Cheat Sheet:  What Every Executive REALLY Needs to Know About “Cyber” (Part I of III)

Cheat Sheet:  What Every Executive REALLY Needs to Know About “Cyber” (Part I of III) 864 486 N2K

Cheat Sheet: What Every Executive REALLY Needs to Know About “Cyber” (Part I of III)

Unless you’ve been living under a rock, you’re probably well aware that cybersecurity is a hot topic and major priority for executives. There are lots of resources out there that claim to provide boards and executives all they need to know on cyber risk and security risk management, but there is still some confusion around exactly how much an executive needs to know about this all-encompassing term called “cyber.”  

Turns out, you don’t need to be a technology expert to be a savvy executive who manages cyber risk. In this three-part series, we’ll break down the things you need to know at each stage of the risk management process: 1) defining your cyber risk, 2) understanding your cyber risk thresholds, and 3) actively managing cyber risk. Today, we’ll begin by going through the basics of how to define cyber risk in your organization:

Cyber Risk = Threats x Vulnerabilities x Impacts 

Cyber Risk.pngCyber risk, like any risk, is actually measurable as a function of the threats to your organization, the vulnerabilities that inherently exist within your organization, and the impacts felt by your organization when something actually.  So here’s what you need to know:

Threats:  The Externalities

These are most typically externalities outside your control. It answers the question who is after your data and why are they after it?

  • Cyber Criminals: Individuals or groups that conduct cyber crime, such as theft, destruction, or illegal dissemination.
  • Hacktivists: Individuals or groups motivated by ideological reasons, such as political, religious, or societal issues.
  • Insider Threats: Member(s) of your organization who leak or otherwise distribute sensitive information.
  • Nation States: State-sponsored actors seeking to empower their nation or undermine other nations.
  • Script Kiddies: In general, Script Kiddies are programmers, who hack for fun or skill refinement.

Vulnerabilities:  The Internalities

These are the holes in your internal organization; the things you can control. Vulnerabilities create potentially harmful exposures for your company and can be physical, like a stranger gaining access to your workspaces or What Can Happen-.pngvirtual, such as a poorly configured network.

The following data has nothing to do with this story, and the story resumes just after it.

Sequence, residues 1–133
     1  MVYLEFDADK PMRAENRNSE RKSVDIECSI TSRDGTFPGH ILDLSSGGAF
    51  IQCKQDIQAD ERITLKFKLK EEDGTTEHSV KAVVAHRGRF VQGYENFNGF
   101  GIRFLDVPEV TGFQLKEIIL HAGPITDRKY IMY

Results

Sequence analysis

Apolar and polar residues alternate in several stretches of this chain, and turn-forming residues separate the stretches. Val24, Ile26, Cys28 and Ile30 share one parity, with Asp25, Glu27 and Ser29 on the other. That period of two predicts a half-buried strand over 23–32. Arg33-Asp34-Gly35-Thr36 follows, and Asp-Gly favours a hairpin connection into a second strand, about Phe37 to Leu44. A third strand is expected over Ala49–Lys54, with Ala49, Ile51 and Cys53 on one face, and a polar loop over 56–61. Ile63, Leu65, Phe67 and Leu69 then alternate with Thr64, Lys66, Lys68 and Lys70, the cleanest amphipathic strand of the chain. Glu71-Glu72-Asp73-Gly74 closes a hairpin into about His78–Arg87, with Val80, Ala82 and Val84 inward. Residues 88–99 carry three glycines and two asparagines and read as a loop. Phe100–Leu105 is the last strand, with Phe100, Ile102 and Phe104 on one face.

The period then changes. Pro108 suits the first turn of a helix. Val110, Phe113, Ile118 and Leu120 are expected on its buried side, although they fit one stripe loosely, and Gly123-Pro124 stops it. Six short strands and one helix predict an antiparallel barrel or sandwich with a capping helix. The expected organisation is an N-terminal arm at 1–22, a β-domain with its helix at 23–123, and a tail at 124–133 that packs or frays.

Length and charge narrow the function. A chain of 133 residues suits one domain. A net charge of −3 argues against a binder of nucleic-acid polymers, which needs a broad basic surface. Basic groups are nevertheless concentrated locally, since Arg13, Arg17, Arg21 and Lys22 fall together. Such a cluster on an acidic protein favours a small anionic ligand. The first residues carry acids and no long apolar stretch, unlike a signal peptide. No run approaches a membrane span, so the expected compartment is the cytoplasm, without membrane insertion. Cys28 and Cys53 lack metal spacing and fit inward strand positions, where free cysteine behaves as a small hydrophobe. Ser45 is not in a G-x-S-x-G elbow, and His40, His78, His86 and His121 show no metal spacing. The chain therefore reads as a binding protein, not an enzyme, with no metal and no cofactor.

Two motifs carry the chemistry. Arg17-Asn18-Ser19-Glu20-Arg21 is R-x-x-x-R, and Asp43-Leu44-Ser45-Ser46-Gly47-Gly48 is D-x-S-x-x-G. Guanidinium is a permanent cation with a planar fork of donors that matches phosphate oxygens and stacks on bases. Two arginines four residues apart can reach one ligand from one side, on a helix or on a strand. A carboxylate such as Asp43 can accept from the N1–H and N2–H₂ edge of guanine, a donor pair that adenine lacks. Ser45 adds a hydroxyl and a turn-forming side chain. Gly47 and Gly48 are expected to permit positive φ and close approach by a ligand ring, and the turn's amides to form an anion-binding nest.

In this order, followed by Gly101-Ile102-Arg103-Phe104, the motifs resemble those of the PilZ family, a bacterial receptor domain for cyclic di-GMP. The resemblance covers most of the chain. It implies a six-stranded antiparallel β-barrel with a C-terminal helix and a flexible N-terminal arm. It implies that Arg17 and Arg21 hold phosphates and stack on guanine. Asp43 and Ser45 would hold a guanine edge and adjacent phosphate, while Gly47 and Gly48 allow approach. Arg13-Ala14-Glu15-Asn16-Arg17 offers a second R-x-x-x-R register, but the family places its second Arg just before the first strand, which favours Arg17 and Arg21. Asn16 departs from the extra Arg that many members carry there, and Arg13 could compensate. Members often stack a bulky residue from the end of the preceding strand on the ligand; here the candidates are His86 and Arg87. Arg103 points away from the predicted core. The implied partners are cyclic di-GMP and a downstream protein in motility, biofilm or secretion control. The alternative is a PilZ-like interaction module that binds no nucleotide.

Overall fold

In a cybersecurity context, you need to start by defining what data is most important to the health and success of your enterprise: often known as your crown jewels. For instance, a pharmaceutical company may identify sensitive patient data and patented formulas as the most critical to their business success. Once your crown jewels have been identified, you can then ensure that data is stored and transmitted in a way that makes it less susceptible to vulnerabilities.  
But it’s not just the data itself or even your own internal organization that creates vulnerabilities. In addition to the humans, software, and network you use to transact business, you likely also maintain relationships with third party providers, suppliers, vendors, and partners.  Each of these external partners have their own security postures (some better and some worse than yours).  Collectively that can add to the amount of exposure you may have should one of your third parties suffer a compromise and it bleeds over to you.

Impacts:  The Ultimate Effect

Once you have a sense of the cyber threats out there as well as the most important data in your organization and what vulnerabilities exist in the systems in which it is housed or transmitted, the next step is to put it all together. Because cyber risk is an enterprise-wide risk, cyber incidents can produce a range of serious consequences that affect your entire organization. Potential impacts include financial cost, operational damage, compliance implications, strategic setbacks, and even physical damages.

Create your scenarios: it’s the cyber equivalent of planning how much a drought could negatively impact a farmer’s crops. Even if your company has a high probability of being targeted by a cyber criminal group and is running software full of bugs and holes, if the impact of something happening to that system is minimal, then you’ll likely need to spend less time and money on protecting that system. Of course, please first make sure your terrible software isn’t connected to other critical systems that would allow an attacker to get in through an easy route and traverse to your crown jewels!  

Don’t forget to join us next time for Part 2 of our series: understanding your organizational tolerance for cyber risk and setting appropriate thresholds.

Want to know even more about how cyber impacts your organization?

Do you need a more in depth understanding of the type of cyber risks that can most impact your organization? Let N2K help. Learn more about Cyber Resolve, N2K’s training programs are geared at providing cyber risk education specifically to board and executive leaders. We even work with CISOs to tailor and align the training to an organization’s specific cybersecurity strategy.